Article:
Michigan's starting lineup against Illinois was Stanley Hozer (left end), Claude Stoll (left tackle), Omer LaJeunesse (left guard), Maynard Morrison (center), Francis Cornwell (right guard), Claire Purdum (right tackle), Ivy Williamson (right end), Harry Newman (quarterback), Jack Wheeler (left halfback), James Simrall (right halfback) and Roy Hudson (fullback). Substitution for Michigan were Norman Daniels (left end), Tom Samuels (left tackle), Robert Morgan (left guard), Wallace Miller (right tackle), Leo Draveling (right tackle), Harry Eastman, Jr. (right halfback,) and Charles DeBaker (right halfback).[15]

Michigan 6, Harvard 3

1 2 3 4 Total
Wolverines 0 0 0 6 6
Harvard 0 0 0 3 3

For its sixth week of competition, Michigan traveled to Cambridge, Massachusetts to face the Harvard Crimson. The game was scoreless after three periods, with Harvard having the best scoring opportunities. Harvard had driven deep into Michigan territory twice, and one field goal attempt was blocked by Maynard Morrison and another was missed.[16] Early in the fourth quarter, Harvard drove the ball to Michigan's 12-yard line. On fourth down, Harvard successfully converted on a field goal attempt to take a 3 to 0 lead. In the closing minutes of the game, Newman led Michigan's final drive. Newman and Roy Hudson began the drive running the ball to Harvard's 35-yard line. It was from that point that Newman threw the winning touchdown pass described by the Associated Press as follows:

"Newman then backed up to the 50-yard line, waited until Hudson, whose jersey, fore and aft, bore the supposedly ill-fated number 13, had time to clear the Harvard secondaries. When that speedy fullback gained the open, in the vicinity of the 30-yard marker, Newman tossed him a lofty pass and he out-footed his Harvard pursuers across their goal line."[16]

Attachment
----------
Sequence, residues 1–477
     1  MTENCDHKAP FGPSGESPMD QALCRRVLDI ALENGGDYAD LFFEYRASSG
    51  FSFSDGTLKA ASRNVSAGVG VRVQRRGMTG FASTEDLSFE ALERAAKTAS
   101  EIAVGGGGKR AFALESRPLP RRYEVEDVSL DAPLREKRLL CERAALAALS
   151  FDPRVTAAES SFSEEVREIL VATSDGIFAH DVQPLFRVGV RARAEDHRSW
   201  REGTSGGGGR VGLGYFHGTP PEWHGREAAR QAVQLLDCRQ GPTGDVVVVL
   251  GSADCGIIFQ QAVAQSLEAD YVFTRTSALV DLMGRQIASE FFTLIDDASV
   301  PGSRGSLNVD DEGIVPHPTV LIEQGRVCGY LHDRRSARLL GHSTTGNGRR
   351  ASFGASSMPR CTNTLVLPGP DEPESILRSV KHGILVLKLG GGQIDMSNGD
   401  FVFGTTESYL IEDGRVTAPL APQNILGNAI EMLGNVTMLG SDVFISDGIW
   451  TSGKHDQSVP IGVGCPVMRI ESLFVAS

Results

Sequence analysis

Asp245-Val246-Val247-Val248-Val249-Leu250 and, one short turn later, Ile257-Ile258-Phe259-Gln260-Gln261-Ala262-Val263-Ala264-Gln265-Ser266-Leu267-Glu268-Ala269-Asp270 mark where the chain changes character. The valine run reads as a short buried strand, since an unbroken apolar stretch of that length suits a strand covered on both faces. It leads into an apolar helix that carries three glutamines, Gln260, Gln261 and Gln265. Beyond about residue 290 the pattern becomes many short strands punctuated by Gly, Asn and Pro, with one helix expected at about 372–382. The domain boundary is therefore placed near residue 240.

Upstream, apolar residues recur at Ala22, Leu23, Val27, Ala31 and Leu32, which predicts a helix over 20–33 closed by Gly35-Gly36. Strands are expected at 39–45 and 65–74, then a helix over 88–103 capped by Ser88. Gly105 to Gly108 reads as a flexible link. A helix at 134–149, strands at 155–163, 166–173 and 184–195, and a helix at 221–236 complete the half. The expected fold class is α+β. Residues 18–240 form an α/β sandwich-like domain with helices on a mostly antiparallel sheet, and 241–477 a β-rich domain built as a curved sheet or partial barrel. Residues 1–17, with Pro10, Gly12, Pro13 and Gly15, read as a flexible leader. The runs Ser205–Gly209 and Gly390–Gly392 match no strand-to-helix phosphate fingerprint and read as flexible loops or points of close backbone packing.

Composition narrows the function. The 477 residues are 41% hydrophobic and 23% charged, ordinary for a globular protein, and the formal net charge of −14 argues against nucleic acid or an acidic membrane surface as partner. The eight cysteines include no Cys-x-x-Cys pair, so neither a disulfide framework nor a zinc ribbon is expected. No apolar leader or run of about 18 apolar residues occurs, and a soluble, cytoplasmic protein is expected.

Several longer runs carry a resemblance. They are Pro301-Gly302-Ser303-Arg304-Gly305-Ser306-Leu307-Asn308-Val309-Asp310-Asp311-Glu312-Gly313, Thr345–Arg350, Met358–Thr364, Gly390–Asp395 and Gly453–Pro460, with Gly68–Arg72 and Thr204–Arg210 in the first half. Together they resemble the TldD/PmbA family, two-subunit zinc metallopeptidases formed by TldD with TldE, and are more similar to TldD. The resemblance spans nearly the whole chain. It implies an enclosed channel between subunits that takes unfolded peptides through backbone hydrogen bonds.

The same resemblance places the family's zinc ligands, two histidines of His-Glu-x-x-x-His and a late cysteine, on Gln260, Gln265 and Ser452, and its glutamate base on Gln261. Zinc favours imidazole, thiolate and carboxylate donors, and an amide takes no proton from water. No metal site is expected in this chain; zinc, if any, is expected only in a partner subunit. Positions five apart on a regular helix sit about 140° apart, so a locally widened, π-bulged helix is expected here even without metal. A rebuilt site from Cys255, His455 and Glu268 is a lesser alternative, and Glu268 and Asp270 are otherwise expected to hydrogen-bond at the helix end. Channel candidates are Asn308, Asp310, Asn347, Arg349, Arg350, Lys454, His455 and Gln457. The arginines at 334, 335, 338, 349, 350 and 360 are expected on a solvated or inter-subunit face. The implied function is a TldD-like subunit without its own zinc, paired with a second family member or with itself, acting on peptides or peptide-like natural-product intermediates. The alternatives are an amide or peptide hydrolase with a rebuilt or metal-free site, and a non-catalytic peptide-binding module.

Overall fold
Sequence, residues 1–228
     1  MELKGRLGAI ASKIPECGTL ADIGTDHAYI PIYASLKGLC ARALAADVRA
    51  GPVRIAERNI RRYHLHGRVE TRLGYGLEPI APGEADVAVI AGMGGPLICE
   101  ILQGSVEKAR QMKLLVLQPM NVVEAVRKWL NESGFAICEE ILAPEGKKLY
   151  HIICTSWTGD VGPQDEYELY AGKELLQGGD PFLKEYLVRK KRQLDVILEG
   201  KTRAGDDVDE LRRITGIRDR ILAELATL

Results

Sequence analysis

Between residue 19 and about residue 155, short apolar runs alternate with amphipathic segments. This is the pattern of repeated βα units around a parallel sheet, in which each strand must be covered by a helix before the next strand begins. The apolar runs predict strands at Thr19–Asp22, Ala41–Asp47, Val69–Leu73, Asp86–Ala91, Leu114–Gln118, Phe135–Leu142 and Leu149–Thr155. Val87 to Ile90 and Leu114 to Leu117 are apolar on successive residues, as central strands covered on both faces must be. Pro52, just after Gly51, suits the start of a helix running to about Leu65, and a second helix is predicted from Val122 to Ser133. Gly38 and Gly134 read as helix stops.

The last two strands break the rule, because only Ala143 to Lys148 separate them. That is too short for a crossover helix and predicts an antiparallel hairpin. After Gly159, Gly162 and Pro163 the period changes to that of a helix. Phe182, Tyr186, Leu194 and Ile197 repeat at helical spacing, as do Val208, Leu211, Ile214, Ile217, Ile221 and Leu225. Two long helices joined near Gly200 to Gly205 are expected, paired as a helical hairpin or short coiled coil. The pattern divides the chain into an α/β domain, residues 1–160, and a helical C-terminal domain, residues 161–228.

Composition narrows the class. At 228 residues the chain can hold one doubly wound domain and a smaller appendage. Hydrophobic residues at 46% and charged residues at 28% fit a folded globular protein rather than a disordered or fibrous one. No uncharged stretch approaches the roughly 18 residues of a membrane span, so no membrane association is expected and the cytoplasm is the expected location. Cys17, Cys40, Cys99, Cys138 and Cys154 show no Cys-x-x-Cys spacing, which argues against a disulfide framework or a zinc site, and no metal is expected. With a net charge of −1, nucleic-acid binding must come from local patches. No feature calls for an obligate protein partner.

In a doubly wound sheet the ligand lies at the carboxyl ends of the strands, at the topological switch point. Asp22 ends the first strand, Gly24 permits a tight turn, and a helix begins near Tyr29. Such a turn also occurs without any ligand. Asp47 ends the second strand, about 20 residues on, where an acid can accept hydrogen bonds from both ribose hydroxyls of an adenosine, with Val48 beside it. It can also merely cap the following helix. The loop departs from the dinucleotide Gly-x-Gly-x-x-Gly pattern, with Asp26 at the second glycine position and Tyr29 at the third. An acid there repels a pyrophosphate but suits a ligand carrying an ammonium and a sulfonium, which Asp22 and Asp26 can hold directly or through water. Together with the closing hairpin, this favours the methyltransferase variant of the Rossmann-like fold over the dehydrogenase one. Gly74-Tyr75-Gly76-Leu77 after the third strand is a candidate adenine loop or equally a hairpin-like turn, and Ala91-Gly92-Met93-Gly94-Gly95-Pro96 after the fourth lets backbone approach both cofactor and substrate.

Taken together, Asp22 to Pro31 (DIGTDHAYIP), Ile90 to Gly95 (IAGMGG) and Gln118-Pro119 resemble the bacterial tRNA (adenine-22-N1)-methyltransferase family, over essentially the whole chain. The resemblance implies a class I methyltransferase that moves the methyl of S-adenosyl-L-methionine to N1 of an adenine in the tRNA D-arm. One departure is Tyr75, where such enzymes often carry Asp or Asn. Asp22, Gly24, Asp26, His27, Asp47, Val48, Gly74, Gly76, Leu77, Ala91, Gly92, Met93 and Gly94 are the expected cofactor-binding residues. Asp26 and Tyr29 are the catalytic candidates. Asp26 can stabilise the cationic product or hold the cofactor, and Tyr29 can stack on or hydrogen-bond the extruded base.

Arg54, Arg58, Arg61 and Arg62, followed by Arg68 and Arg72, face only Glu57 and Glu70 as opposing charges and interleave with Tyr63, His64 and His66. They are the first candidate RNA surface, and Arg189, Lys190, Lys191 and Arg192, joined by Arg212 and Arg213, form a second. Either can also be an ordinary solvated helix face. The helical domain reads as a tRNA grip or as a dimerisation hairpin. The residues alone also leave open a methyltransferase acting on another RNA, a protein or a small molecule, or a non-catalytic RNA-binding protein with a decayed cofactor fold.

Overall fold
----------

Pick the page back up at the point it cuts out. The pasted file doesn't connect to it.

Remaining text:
The United Press described Michigan's late scoring drive as follows:

"A mighty march down the field in the closing minutes of play, climaxed by a beautiful 30 yard forward pass from the magic hand of Harry Newman, enabled a suddenly inspired Michigan eleven to come from behind and defeat Harvard on its home gridiron Saturday for the first time in nearly 50 years of rivalry."[17]

Michigan's starting lineup against Harvard was Stanley Hozer (left end), Howie Auer (left tackle), Omer LaJeunesse (left guard), Maynard Morrison (center), Francis Cornwell (right guard), Leo Draveling (right tackle), Ivy Williamson (right end), Harry Newman (quarterback), Jack Wheeler (left halfback), James Simrall (right halfback), and Roy Hudson (fullback).[16]

Michigan 7, Minnesota 0

1 2 3 4 Total
Gophers 0 0 0 0 0
Wolverines 7 0 0 0 7